A Welsh Witch
Editor: Jane Aaron
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'They say she's a real witch,' says Goronwy Hughes' grandmother, warning him of Catrin Rees, the heroine of A Welsh Witch: 'Don't speak to her or let her eyes fall upon thee.'
The sea-side village of Treswnd has elected Catrin as its scapegoat, shunning and stoning her as a witch. In bitter isolation Catrin internalises the idea of herself as damned and outcast, but her loneliness is eased by a growing friendship with Goronwy, to whom she starts to reveal the hidden wonders of the natural world with which she has become familiar. In particular she is well-acquainted with the underground waterways of the 'Deep Stream' lying beneath Treswnd, a zone of darkness bestrewn with wrecks and human skeletons.
Goronwy does not fully appreciate her strength until later, when he has become a collier in the south Wales mining belt and a pit disaster leaves him trapped for days underground. 'Alone with the dead, the dying, and the frenzied around him,' Goronwy was then 'brought face to face with the deep mysteries of life.'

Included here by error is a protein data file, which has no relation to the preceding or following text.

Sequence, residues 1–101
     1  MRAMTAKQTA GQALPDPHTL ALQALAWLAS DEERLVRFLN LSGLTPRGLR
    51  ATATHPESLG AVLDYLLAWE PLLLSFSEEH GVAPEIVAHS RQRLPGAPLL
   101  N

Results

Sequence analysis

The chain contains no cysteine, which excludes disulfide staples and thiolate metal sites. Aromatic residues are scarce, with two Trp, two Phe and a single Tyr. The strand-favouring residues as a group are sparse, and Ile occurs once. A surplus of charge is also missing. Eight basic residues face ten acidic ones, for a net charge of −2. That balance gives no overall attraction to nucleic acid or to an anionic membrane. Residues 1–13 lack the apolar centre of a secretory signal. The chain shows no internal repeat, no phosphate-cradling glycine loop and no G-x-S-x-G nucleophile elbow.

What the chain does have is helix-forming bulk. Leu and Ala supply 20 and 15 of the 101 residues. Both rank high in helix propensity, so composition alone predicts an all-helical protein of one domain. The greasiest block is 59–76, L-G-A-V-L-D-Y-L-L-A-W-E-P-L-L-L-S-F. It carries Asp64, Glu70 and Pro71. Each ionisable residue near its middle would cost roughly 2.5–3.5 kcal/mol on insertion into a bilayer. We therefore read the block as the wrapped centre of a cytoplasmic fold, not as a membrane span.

But Catrin had from childhood known of that darkness at the core of life. The underground water channels of the 'Deep Stream' and the deep tunnels of the coal mines function in A Welsh Witch as tropes of the unconscious, with its characteristic preoccupation with death and mutability. If that darkness can courageously be faced, however, it strengthens the human character rather than destroys it.
First published in 1902, A Welsh Witch, in its paralleling of rural communities with their lingering superstitions and early industrial communities with their harsh working conditions, explores the ways in which human resilience and empathy can make 'a romance of rough places'.
Praise for A Welsh Witch
"dramatic and well observed.. its warm depiction of Wales adds another dimension to its value.
Steven Lovatt, New Welsh Review
Foreward/Intro by: Jane Aaron
Category: Honno Classics Fiction
First published by Honno in : March 2013